“It’s not compulsory, only you’ve got to join — see?”
Genres, Themes, Actors, and Directors:
Response to Peary’s Review:
… and then “becomes the unwitting pawn of both the corrupt management and the workers’ union” — remains a “sharp, cynical comedy” that “chastises workers, but is clearly sympathetic toward them” given “they’re not bad sorts, and much preferable to their sneaky, crooked bosses who are willing to sell out their country for a profit.”
He adds that he doubts “if an American union-made film will ever deal so bravely with similar labor-management problems”. While this film mercilessly skewers labor-related problems of the day in a way that likely resonated deeply with many viewers, I’ll admit to feeling a bit detached from it: the basic theme of corruption on both sides of the aisle — not just with smarmy businessmen (of course), but with labor unions determined to ensure that “no worker is fired, be he incompetent, lazy, or doing work that a machine could handle in a tenth of the time”:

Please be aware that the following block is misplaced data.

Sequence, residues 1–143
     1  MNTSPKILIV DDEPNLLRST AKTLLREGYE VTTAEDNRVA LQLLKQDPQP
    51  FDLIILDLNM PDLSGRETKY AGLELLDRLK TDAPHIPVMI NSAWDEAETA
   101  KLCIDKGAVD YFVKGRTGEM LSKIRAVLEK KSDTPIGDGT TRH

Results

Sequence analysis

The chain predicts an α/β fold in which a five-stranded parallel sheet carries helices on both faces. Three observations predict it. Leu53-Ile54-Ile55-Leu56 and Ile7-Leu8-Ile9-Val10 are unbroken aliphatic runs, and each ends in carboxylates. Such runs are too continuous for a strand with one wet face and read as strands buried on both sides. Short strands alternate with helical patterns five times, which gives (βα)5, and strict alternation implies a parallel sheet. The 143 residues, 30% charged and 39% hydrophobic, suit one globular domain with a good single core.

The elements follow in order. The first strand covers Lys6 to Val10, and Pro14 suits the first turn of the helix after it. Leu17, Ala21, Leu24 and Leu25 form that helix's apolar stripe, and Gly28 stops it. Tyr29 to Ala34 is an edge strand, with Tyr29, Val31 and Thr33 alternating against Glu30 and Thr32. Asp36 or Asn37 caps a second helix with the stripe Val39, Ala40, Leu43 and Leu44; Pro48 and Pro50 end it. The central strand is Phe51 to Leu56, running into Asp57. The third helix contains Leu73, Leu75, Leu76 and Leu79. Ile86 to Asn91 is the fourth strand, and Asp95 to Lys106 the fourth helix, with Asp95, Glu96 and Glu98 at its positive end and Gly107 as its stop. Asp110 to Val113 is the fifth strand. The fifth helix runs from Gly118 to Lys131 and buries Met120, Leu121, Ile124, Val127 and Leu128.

— is loud and strong, but the protagonist is too much of a twit to relate to in any way. Sellers is a top reason to watch the film:
His devotion to the cause of Labor comes through loud and strong, and his character seems like a flesh-and-blood individual capable of authentic growth and emotion.
Redeeming Qualities and Moments: